Document Type

Conference Paper

Rights

This item is available under a Creative Commons License for non-commercial use only

Disciplines

Information science (social aspects), Library science

Publication Details

Paper presented at LILAC (Librarians Information Literacy Annual Conference)

Abstract

This paper presents the work of the Peer Assisted Learning Support Programme (PALS) at the Institute of Technology Tallaght (ITT Dublin) which was initiated in September 2014.

All first year students at ITT Dublin must complete a five credit module called Learning to Learn at Third Level (L2L). This module was introduced in 2012 to develop a range of core academic and information and digital literacy skills including research, writing, critical thinking and referencing skills. Collaborative work between the Library at ITT Dublin and the Department of Mechanical Engineering on this module has focused on the development of a range of digital learning resources and a Peer Assisted Learning Support Programme (PALS) in which students from second, third and fourth year work with students in the L2L class as they develop their literacy skills. The aim of the PALS programme is to develop a support structure for first year engineering students, which will enhance student transition into Higher Education and provide learners with an environment to develop key academic, information and digital literacy skills.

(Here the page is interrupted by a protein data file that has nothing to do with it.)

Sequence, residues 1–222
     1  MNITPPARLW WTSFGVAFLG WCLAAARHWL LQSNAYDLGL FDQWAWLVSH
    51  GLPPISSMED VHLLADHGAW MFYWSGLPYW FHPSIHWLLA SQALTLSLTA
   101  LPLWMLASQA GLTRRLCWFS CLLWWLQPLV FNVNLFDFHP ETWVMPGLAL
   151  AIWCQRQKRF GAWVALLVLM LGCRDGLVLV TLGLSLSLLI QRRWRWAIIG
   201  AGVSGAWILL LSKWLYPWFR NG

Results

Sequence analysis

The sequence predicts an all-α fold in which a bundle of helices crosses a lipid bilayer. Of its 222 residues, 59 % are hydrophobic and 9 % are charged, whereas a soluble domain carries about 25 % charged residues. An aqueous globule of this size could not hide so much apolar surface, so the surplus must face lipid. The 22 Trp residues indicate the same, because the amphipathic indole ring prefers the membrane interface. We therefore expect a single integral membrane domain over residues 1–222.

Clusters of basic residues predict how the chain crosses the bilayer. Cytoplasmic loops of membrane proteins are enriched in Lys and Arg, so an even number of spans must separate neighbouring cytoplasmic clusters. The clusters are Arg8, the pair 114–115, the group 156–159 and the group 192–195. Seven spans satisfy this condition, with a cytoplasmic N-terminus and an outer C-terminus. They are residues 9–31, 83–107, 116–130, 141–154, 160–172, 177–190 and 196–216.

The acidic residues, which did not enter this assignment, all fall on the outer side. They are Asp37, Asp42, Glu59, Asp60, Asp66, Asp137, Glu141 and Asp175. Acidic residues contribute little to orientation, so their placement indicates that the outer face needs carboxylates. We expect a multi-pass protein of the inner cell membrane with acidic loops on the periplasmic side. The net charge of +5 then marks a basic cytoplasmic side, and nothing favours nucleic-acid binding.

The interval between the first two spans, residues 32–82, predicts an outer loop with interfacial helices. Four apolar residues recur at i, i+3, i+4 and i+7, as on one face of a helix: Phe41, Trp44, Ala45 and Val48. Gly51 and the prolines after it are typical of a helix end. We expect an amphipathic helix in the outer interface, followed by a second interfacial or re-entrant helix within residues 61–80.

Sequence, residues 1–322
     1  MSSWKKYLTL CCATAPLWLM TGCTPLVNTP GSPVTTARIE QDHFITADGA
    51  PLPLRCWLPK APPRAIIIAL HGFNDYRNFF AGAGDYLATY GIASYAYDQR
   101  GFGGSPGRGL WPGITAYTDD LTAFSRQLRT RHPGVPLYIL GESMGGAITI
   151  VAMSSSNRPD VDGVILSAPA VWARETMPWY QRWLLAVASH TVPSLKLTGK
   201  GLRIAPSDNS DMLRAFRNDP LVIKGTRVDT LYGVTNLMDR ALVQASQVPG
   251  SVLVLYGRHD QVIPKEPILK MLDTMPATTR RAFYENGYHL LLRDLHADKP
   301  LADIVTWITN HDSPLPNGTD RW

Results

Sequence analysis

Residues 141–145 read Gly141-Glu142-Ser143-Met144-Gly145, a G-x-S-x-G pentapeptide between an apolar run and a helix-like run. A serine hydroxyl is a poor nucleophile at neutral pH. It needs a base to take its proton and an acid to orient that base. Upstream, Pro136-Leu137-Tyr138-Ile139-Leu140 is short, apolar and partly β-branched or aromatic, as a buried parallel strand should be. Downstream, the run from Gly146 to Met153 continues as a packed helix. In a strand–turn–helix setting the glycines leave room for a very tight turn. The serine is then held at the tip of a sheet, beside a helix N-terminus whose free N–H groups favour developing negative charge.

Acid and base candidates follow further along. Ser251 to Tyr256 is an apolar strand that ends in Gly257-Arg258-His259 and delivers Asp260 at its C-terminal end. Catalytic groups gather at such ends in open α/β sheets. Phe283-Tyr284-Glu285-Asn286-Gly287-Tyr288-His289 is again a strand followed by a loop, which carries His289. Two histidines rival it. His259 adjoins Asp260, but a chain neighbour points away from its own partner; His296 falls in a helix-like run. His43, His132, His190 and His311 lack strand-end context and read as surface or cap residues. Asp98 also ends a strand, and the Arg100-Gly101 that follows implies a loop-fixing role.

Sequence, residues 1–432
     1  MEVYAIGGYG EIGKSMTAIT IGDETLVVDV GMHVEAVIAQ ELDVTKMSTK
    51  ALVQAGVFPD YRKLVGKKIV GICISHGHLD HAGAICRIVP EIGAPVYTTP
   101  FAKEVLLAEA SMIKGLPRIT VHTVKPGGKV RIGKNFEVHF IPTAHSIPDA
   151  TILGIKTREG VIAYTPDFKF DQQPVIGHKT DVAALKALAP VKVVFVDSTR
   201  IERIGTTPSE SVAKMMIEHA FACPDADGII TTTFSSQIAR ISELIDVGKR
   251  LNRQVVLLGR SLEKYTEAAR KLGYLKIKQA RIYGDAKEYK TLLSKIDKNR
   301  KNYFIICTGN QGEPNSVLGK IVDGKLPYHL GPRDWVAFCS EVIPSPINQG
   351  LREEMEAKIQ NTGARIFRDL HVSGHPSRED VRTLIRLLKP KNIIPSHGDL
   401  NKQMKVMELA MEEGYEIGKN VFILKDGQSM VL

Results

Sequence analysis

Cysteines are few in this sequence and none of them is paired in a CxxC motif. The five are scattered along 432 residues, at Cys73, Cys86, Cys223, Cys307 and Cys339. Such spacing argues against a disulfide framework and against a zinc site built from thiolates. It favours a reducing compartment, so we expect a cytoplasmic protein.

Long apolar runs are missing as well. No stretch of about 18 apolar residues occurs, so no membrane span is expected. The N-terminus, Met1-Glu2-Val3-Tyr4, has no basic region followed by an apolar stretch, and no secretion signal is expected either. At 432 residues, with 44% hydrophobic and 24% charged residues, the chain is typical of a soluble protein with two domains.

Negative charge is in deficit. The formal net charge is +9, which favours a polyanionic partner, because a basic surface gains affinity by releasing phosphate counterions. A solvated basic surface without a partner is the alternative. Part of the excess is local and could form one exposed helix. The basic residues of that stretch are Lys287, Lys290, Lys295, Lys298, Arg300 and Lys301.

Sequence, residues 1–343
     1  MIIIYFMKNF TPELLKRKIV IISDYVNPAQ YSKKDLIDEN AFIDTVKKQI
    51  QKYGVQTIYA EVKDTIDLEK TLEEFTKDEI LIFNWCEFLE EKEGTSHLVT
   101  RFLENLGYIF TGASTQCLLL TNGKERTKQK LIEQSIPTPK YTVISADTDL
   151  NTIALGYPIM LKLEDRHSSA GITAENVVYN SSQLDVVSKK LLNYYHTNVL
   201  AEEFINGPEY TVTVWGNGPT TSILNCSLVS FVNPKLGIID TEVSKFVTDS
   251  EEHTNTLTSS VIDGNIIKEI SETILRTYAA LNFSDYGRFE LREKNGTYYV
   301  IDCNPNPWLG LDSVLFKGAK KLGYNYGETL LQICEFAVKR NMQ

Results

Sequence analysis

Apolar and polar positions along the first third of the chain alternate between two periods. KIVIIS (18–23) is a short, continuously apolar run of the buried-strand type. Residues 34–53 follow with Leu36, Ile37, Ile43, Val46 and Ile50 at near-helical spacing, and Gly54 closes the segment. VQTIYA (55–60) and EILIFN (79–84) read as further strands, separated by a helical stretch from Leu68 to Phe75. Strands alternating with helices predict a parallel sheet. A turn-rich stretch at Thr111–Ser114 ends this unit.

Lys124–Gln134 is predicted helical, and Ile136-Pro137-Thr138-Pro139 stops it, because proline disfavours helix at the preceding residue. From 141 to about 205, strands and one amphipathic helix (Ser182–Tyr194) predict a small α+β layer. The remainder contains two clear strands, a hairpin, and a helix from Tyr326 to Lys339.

This paper will outline the structure of the PALS programme, how it has been implemented and will discuss some of the key observations and findings. Lessons learned on the project so far have concluded that in the L2L classroom the peers have a critical role in the development of a first year student’s awareness of their metacognitive processes. Peers can act as role models and guides and can help students form the essential linkages between the different methodologies and resources they will need to be successful in Higher Education and beyond. The paper will discuss how the PALS programme has provided students in ITT Dublin with a distinctive first year experience, deepened information and digital literacy skills, and created a collaborative culture that supports student centred lifelong learning.

The PALS programme has proved to be a great success and the paper will describe how aspects of the programme can be further developed and how this initiative can be applied to other modules in the Institute.

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